• Milk + vinegar or lemon juice- In a measuring cup, add one tablespoon (15 mL) of vinegar or lemon juice. Fill the remainder of the cup with milk and allow to rest for 5 minutes. This will make one cup of buttermilk substitute.
  • Greek yogurt + milk or water- With this substitute, it’s best to thin the Greek yogurt with some milk or water to a heavy cream-like consistency. Usually, a 2:1 ratio of milk to yogurt works well (2 parts milk to 1 part yogurt). To make 2 cups of buttermilk substitute, combine 1 1/3 cup of milk or water with 2/3 cup of Greek yogurt and stir well to combine.
  • Cream of tartar+ milk- Cream of tartar is the acidic component used in baking powder to help it act as a leavening agent. This acidity is what makes it a good substitute for buttermilk. For this method, add 1 3/4 teaspoons of cream of tartar to 1 cup of milk and stir thoroughly to combine.

What is the Difference Between Buttermilk Waffles and Regular Waffles?

Buttermilk waffles, as the name implies, use buttermilk as the primary liquid ingredient. On the other hand, regular (sometimes called “homestyle”) waffles, use milk as the main liquid ingredient.

The buttermilk imparts a slightly soured taste to the waffles and reacts with the baking soda to create a wonderfully fluffy end result. However, buttermilk waffles are generally made from a thicker batter than regular waffles are, which means regular waffles tend to have a more crispy exterior. Usually, the thicker the waffle batter, the less crispy the waffles.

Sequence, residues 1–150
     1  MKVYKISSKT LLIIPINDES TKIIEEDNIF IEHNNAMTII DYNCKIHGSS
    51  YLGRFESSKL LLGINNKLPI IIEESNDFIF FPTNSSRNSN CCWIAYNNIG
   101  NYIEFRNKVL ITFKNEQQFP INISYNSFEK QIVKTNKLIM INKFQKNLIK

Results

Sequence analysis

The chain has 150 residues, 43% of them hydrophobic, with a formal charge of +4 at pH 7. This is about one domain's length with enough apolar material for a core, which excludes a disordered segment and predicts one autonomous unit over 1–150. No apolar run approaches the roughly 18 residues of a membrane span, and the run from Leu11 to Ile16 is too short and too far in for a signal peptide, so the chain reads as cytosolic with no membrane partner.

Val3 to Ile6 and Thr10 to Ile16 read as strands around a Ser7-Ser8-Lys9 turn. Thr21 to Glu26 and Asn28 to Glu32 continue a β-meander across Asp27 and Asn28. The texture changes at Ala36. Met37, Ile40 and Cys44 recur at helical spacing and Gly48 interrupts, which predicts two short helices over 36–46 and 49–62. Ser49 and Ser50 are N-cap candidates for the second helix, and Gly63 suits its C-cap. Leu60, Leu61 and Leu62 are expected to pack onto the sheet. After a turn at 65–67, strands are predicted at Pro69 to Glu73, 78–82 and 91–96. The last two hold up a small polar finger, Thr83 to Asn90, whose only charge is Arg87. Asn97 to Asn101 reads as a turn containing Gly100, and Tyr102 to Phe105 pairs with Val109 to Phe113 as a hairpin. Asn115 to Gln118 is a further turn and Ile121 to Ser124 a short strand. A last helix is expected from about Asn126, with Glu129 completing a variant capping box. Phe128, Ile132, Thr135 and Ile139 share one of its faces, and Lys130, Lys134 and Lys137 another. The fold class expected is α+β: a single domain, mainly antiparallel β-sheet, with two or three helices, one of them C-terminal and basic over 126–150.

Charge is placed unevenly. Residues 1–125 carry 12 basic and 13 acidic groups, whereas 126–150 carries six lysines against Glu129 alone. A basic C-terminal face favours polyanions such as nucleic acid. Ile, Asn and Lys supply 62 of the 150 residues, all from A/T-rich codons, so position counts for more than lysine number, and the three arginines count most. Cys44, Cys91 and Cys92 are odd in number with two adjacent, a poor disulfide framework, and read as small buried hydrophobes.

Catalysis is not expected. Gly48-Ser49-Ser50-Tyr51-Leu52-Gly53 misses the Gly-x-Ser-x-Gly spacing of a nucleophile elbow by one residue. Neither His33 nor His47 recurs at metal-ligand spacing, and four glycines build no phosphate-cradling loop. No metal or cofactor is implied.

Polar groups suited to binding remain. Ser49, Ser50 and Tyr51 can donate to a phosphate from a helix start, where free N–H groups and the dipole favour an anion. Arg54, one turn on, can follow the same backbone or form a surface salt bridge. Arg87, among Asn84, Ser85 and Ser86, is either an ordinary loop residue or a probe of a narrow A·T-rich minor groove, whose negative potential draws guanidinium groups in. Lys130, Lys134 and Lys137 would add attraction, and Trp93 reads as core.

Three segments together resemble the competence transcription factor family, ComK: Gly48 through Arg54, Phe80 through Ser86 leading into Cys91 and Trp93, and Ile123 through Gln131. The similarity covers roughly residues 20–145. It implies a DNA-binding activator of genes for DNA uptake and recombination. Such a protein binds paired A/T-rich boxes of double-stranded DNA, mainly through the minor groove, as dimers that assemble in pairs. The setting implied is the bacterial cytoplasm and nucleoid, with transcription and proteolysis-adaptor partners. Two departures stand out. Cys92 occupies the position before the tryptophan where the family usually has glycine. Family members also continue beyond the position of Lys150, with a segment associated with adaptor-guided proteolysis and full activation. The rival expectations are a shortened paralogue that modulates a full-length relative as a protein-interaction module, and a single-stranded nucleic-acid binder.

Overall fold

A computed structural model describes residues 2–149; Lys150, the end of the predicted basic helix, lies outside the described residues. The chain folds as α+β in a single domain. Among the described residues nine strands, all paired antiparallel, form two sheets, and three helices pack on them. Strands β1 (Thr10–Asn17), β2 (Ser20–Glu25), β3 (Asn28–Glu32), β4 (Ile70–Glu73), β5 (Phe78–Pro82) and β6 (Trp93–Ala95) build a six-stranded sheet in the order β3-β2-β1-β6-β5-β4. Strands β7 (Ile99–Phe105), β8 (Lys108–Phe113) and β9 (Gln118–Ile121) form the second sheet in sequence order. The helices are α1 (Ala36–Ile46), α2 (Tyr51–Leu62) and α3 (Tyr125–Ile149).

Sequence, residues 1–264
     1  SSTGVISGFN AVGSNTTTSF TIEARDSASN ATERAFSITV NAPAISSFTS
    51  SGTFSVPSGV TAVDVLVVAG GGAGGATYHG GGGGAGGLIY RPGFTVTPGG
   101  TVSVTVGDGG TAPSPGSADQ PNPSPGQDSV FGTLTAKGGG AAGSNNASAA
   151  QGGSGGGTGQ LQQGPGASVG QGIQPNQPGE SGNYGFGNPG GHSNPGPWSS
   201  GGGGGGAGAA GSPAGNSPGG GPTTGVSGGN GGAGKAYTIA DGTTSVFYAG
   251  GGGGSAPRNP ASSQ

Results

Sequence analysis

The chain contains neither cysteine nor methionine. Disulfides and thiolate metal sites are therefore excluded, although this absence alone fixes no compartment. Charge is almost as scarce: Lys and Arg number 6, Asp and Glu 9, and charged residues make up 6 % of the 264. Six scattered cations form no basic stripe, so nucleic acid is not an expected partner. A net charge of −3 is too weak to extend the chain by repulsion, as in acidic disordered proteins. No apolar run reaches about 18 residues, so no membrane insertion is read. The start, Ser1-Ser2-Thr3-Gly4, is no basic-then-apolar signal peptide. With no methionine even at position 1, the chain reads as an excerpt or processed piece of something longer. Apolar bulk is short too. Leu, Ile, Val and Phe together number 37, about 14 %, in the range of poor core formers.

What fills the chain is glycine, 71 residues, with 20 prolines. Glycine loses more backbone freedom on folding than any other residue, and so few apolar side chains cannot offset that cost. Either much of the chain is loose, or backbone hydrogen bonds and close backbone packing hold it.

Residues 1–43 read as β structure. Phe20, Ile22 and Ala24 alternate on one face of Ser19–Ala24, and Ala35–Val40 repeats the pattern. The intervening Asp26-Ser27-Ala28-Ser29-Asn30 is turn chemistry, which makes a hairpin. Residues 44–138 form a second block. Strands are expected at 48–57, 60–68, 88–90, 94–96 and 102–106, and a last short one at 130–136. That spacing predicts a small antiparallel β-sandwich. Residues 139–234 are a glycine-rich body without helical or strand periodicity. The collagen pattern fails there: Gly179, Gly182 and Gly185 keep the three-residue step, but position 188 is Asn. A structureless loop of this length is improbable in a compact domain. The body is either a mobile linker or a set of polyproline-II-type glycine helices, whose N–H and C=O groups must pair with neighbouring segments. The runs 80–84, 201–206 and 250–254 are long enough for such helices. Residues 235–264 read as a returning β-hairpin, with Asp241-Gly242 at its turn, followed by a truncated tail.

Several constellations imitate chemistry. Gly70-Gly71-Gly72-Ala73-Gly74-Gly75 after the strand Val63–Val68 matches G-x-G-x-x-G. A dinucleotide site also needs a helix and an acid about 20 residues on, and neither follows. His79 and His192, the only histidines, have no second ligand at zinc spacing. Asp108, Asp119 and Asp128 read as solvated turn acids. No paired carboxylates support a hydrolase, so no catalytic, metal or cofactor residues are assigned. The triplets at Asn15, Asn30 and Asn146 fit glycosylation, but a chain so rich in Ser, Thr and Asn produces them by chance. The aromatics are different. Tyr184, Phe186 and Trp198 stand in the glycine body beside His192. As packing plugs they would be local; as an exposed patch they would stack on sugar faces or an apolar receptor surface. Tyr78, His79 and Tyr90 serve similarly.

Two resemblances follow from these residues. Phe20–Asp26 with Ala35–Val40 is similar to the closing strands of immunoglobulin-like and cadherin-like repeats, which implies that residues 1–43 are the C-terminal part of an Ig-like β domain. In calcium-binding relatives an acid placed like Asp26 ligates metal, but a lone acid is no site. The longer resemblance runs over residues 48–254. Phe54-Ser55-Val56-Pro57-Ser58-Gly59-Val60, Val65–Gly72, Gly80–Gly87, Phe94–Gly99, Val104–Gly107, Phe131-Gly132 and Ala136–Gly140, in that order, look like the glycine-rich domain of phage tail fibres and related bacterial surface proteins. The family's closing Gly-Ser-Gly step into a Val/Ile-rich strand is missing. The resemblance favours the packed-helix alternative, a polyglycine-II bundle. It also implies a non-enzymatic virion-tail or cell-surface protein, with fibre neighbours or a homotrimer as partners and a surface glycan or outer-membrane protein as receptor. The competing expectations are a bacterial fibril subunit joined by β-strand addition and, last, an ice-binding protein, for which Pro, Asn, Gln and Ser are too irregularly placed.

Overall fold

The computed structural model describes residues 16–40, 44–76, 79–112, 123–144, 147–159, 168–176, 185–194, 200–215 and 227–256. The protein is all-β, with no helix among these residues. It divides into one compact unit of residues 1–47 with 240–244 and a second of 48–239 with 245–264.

Why Are My Waffles Not Crispy?

There could be a few reasons why your waffles fall flat on the crispiness factor:

  • You didn’t give the batter enough time to rest so that the oat flour could fully hydrate.
  • There is too much oat flour in your batter (usually due to measuring by volume instead of by weight), which results in a thicker batter. Thicker batters are harder to get nice and crispy.
  • Your waffle iron wasn’t hot enough. The waffle iron plates need to be hot enough to achieve a nice, crispy exterior.

Can Someone with Celiac Disease Eat These Waffles?

Yes! As long as you use certified gluten-free oat flour, these Buttermilk Oat Flour Waffles are gluten-free. If you plan on making your own oat flour from rolled oats, make sure those oats are certified gluten-free.

buttermilk oat flour waffles on a white plate with butter and syrup

Storing and Freezing

These waffles are best eaten as soon as they’re hot off the waffle iron, but if you’re planning ahead or have leftovers, here’s what to do with them.


While not ideal, waffles can be stored in the refrigerator for up to 3 days. To keep them as fresh as possible, store in an airtight container to avoid having them dry out too much.

To Reheat: I would recommend toasting them in the toaster to warm and freshen them up before eating.


For longer term storage, you’re going to want to freeze your waffles. Luckily, waffles actually freeze quite well. I do this all the time since it’s just my fiancé and I at home and we usually have leftovers.